Album review

Sugarcult :
Palm Trees And Power Lines

Artemis Records / Rykodisc

Sugarcult : Palm Trees And Power LinesSugarcult's 2001 breakthrough Start Static may not have pushed any musical boundaries, but it did contain a handful of tracks with hooks that could land marlins, from a band who's influences obviously stretched back a little further than Dookie.
    Frontman Tim Pagnotta had already told counterculture that he had purposefully avoided writing another Bouncing Off The Walls - surely Sugarcult's most recognisable song - and that Palm Trees And Power Lines was going to exhibit a big growth for the band. And finally here it is . . .

Despite the somewhat clumsy metaphor - "She's the blade, and you're just paper." - opener She's The Blade is what we've come to expect from Sugarcult: Aggression tempered by memorable melodies, layered vocals backed up by shimmering guitar . . . all wrapped up inside three minutes. The only problem is that this is about as good as it gets.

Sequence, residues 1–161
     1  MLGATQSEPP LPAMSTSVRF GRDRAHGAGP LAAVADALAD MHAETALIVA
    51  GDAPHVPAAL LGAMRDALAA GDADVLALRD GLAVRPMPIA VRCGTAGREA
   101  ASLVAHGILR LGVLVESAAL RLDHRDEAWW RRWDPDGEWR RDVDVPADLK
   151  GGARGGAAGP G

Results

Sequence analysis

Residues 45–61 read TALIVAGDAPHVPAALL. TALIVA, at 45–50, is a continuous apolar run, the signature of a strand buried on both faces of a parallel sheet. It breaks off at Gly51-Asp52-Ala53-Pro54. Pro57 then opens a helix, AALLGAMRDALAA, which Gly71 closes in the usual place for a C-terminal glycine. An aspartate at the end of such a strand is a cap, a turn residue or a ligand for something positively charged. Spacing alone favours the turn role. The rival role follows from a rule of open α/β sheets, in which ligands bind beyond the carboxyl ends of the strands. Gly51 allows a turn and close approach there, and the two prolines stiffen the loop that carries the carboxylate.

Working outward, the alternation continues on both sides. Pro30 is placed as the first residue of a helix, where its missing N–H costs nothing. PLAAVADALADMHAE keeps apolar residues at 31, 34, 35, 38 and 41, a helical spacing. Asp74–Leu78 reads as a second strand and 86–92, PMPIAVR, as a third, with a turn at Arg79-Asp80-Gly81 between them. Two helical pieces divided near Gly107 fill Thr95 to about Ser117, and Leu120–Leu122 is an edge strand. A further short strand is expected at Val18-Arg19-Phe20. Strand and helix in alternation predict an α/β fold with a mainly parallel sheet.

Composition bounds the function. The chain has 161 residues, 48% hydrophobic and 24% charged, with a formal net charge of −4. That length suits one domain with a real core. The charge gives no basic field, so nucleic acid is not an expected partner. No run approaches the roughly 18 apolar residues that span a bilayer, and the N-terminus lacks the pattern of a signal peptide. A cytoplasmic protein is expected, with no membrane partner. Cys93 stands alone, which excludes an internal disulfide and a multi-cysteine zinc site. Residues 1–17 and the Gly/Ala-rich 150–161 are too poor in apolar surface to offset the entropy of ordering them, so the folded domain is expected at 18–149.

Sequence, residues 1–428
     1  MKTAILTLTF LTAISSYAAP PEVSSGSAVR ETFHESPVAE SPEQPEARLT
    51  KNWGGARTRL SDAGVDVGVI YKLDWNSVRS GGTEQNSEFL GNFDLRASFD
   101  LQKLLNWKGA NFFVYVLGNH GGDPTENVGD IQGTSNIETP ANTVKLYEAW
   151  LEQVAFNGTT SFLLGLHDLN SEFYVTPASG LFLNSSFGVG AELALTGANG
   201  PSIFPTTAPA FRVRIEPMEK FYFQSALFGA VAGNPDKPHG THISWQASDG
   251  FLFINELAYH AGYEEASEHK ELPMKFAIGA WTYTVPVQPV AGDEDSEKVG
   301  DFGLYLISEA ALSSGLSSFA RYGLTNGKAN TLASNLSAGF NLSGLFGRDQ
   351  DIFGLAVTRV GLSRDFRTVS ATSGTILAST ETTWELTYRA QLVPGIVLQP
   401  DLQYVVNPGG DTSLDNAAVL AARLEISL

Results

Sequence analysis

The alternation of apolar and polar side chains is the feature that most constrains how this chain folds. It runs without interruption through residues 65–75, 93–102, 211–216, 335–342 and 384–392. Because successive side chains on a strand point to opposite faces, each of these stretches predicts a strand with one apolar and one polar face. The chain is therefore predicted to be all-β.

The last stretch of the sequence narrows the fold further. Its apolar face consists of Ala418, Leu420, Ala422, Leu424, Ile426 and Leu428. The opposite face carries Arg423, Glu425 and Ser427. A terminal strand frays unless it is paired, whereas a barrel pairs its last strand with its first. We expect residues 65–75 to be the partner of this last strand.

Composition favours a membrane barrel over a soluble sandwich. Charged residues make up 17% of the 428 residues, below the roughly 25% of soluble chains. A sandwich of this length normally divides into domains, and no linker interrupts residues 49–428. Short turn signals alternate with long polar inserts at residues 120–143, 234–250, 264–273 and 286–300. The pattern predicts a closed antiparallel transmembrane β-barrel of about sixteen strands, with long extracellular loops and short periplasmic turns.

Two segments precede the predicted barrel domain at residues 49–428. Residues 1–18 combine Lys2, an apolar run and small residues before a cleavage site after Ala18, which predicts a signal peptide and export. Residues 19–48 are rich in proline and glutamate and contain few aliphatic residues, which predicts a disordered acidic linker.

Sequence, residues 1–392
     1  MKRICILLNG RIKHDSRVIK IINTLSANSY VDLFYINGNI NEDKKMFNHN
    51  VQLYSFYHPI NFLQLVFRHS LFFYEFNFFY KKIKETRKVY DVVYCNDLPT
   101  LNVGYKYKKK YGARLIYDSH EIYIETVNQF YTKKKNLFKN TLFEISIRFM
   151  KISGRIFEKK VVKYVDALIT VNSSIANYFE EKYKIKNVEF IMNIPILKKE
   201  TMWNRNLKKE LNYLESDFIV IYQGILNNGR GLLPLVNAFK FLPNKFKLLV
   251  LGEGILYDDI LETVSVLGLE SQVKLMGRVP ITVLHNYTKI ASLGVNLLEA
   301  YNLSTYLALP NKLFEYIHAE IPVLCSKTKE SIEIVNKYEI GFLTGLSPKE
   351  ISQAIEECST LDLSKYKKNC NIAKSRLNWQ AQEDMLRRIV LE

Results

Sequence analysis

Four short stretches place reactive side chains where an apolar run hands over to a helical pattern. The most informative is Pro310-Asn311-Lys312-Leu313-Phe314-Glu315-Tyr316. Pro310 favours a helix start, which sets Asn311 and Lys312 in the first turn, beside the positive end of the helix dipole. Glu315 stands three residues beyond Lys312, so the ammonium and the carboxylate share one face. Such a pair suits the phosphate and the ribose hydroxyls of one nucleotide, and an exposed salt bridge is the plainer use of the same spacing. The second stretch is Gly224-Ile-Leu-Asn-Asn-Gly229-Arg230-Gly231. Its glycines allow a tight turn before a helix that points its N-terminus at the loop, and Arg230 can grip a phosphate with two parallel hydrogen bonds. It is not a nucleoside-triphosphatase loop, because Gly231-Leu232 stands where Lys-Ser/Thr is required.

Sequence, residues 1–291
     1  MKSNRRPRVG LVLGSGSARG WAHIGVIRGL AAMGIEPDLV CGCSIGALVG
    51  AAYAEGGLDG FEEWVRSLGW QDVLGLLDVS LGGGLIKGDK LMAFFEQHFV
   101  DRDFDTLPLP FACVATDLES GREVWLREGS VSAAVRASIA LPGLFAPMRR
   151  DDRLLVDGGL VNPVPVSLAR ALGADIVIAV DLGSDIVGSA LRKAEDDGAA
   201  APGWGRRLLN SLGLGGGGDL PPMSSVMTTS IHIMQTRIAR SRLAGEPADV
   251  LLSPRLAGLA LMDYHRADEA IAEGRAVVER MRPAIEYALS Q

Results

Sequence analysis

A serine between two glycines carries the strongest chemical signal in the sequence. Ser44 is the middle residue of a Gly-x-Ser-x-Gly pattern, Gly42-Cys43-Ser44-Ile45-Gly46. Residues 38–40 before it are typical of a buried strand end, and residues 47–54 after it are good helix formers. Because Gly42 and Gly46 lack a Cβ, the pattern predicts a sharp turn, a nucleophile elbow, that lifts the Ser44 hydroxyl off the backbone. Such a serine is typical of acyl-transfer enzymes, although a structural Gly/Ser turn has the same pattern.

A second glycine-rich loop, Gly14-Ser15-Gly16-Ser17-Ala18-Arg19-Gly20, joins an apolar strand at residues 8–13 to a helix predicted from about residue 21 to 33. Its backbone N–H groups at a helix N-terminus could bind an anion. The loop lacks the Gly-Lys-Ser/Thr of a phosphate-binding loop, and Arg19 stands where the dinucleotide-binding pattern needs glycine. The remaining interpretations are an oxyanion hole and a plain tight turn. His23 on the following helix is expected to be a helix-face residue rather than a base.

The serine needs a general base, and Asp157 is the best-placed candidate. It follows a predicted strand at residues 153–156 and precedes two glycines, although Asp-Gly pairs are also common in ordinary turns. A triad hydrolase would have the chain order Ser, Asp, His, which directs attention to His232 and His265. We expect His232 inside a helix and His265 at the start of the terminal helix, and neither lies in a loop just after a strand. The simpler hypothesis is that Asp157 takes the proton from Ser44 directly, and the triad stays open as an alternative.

Hey, if you've already seen the video to first single Memory and think it rocks then by all means go out and buy a copy of Palm Trees And Power Lines. I don't. It's a pleasant enough tune, buts its hook would have trouble going up against a fish finger. In short, it's virtually indistinguishable from the legions of Californian pop-punk acts that Sugarcult had seemingly risen above.
    There are highlights of course, but just not particularly bright ones. Destination Anywhere is isolated in its twisted edginess and Head Up is a hugely produced radio anthem that Jimmy Eat World could have penned.

Palm Trees And Power Lines isn't a bad album by any means, in fact it's pretty good, but crucially it's not as strong as Start Static, when it needed to be significantly better. I'd hoped for more from a band that really seemed to understand their own strengths and weaknesses. Maybe next time.

:: Rowan Shaeffer

Go to top of page
Latest articles

Alone in the dark: Buffy The Vampire Slayer bows out in style with the Season Seven DVD Collection.

Johnny Knoxville plays him in the movie Grand Theft Parsons, but counterculture speaks to the man himself: Phil Kaufman interviewed.